I know that this posting is about new OLPC machines, but the principle is the same. Perhaps the free computer for the poor is just a trick to boost sales (says the cynic). Whatever the motive, it is not going to benefit the learners unless these machines are deployed in a structured way.
You don’t believe me? Consider the abundance of technology graveyards – a silent testimony to the fact that well-intended donations seldom has a beneficial impact unless they are part of a bigger plan.
dave cormier says
At the risk of being grim about this… they will be used. But consider… what is easiest way to make money on the internet. This machine has a camera, and it’s very, very easy to use.
I don’t believe that computers are not an inherently educational tool and, although my experience of teaching kids in Asia and Eastern Europe (and now Canada) is that, at some level they are all interested in the same basic things, cultural realities, social and economic pressures and the different levels of dangers in different countries make it difficult to generalize from NA students to students in ‘2nd’ and 3rd world countries.
Wesley Fryer says
I agree the professional development issues for OLPC are challenging, but they are here in the United States as well. Providing the laptops to the STUDENTS is a fundamental difference and shift in focus, however, from how we’ve seen most schools spend technology dollars here. I think Dave’s ominous warning is worth considering: Surely many of these XO laptops ARE going to be used in destructive and negative ways. We aren’t seeing the headlines yet, but we are going to.
I also think Kobus’ points should be considered. “Technology dumping” is not a way to solve development issues.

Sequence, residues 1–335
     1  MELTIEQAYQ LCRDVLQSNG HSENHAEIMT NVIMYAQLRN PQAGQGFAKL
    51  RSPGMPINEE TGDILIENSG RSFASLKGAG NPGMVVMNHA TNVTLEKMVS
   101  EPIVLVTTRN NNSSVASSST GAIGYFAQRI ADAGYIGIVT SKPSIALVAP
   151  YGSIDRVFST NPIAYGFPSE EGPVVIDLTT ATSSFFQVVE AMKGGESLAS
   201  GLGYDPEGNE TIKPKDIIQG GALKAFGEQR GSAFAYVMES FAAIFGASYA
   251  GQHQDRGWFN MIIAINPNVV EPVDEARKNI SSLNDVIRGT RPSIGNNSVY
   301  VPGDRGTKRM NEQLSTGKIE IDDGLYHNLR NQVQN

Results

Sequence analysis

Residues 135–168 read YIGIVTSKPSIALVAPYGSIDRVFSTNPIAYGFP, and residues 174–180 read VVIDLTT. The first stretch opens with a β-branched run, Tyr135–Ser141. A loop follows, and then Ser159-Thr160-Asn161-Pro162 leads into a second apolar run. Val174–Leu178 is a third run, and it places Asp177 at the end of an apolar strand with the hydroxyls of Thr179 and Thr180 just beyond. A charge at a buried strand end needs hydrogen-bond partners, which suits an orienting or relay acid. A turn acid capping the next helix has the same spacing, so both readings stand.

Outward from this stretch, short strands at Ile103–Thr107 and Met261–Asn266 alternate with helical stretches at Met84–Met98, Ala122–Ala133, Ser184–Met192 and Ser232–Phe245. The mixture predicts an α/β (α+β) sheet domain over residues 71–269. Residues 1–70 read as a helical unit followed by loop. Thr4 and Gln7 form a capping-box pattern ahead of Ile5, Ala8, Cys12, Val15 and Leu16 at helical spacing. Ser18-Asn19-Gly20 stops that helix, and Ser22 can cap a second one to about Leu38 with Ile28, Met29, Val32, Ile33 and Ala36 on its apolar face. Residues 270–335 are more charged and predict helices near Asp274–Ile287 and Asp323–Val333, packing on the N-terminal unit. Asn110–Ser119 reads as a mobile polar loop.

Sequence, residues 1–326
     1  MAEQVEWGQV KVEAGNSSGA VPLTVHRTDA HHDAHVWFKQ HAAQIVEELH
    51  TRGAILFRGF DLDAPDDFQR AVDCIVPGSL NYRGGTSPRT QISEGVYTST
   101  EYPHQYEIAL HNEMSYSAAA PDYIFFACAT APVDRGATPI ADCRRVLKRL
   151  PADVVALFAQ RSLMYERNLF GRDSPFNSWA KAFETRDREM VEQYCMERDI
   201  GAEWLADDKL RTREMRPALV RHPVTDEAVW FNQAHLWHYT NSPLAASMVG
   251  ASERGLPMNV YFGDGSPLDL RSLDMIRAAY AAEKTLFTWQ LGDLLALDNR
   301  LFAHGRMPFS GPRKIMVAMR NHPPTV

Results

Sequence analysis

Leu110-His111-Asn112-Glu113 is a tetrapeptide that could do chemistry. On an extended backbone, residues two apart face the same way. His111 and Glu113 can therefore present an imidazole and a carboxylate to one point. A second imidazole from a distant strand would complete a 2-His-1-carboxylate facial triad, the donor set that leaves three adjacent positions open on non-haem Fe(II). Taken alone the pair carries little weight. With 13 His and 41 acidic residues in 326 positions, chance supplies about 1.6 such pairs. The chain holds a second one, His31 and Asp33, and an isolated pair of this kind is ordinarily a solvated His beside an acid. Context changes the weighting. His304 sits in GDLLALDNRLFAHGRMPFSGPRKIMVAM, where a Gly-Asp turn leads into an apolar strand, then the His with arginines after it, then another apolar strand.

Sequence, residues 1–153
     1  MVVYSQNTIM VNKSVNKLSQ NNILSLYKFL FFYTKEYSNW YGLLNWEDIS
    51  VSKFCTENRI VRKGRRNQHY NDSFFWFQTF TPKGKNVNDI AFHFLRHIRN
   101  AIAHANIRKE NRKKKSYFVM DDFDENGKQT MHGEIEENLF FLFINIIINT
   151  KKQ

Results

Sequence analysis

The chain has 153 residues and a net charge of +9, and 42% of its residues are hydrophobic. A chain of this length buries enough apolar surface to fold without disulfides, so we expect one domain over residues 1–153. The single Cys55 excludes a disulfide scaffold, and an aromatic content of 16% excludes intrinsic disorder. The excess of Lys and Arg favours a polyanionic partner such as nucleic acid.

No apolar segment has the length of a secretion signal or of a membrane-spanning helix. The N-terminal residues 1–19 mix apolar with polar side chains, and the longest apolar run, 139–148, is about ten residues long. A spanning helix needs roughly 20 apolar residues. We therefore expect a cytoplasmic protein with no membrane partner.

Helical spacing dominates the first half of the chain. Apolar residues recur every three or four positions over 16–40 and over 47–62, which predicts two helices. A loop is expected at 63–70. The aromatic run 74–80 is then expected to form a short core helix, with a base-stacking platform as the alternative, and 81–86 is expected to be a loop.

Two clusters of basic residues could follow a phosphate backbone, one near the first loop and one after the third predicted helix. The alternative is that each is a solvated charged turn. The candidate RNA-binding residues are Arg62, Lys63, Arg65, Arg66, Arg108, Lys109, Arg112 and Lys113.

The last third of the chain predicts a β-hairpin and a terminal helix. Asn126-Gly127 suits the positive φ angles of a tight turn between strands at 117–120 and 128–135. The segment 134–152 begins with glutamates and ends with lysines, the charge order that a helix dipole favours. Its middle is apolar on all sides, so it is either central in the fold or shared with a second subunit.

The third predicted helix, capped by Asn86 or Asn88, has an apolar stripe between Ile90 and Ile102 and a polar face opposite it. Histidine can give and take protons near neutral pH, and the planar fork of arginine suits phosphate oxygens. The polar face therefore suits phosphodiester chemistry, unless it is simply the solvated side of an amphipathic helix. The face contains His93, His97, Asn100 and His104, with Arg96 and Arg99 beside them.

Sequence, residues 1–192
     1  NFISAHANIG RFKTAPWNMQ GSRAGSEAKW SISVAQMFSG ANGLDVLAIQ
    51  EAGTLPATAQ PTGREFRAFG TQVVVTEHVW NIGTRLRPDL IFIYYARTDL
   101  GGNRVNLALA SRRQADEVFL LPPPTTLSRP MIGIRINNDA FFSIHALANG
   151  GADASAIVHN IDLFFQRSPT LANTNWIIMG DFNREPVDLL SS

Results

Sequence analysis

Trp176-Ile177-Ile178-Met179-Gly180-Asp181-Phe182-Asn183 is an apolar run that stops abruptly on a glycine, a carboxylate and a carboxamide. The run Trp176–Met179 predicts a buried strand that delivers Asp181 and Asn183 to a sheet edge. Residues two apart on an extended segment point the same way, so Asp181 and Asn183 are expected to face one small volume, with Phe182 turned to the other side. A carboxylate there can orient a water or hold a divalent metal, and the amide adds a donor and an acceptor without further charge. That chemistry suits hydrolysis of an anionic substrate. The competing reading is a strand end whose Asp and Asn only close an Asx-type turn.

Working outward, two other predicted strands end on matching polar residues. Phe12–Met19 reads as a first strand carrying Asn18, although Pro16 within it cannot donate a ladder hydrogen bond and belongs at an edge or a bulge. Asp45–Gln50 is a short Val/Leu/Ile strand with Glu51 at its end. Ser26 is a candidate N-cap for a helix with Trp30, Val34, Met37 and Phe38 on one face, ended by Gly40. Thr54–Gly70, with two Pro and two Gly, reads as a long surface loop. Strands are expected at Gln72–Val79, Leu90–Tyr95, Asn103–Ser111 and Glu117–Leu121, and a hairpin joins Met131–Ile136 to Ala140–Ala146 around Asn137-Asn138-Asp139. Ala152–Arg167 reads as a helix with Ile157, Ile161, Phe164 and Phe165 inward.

I don’t see OLPC as a campaign similar to other programs which have distributed “refurbished” computers to developing countries, however. With the XO laptop we’re talking about a new computer, specifically designed with students in mind. Gary Stager’s post last month on Why Teachers Don’t Use Web 2.0 suggests many things, but one is that we need a unifying pedagogy or instructional philosophy to underpin the uses of digital tools, including XO laptops. I think this is an important challenge we should strive to meet in the months and years ahead.
I agree with Nicholas Negroponte in his discussion on the FAQ of the XO giving website discusses community pencils. In my 4th grade classroom I never questioned the assumption that each child needed a pencil and a piece of paper. The predominant technology defined the predominant learning tasks. Everyone had pencils, so we used them. Everyone didn’t have access to computer technologies, so we used computers much less. Providing a laptop to each student provides a tool for learning. I heartily agree that a non-traditional frame for understanding and supporting learning is also needed, however, in addition to the technology tools. Professional development is essential. How can we each be a part of helping support and contribute to a professional learning community that operationalizes an ideal of sustained and effective PD? K12Online may be part of the answer. But we need more.
dave cormier says
I’ve already sent apologies to Will about my tone on these posts… I mean the content, but your well worded reply sets a far better example. I need to be more productive in my critiques.
I agree with you that professional development is a huge issue here and abroad. I just worry that the teachers on the ground are going to have a difficult time dealing with the influx of technology… If many teachers here have hard difficulties with 1 to 1 programs, what will it be like when the students have the only computers in town.
The pencil thing would be great. I would love to see it here in NA as well. I’m just not sure that it’s the best focus for development money. Maybe it is… maybe out there somewhere is the master plan that makes sense. I just wish someone would publish it a little more out in the open.
It is a great idea but technology comes with complications and so who ever gets this machine will need to have someone to fix the problems when they come along. And how do you know that this machine will be used properly?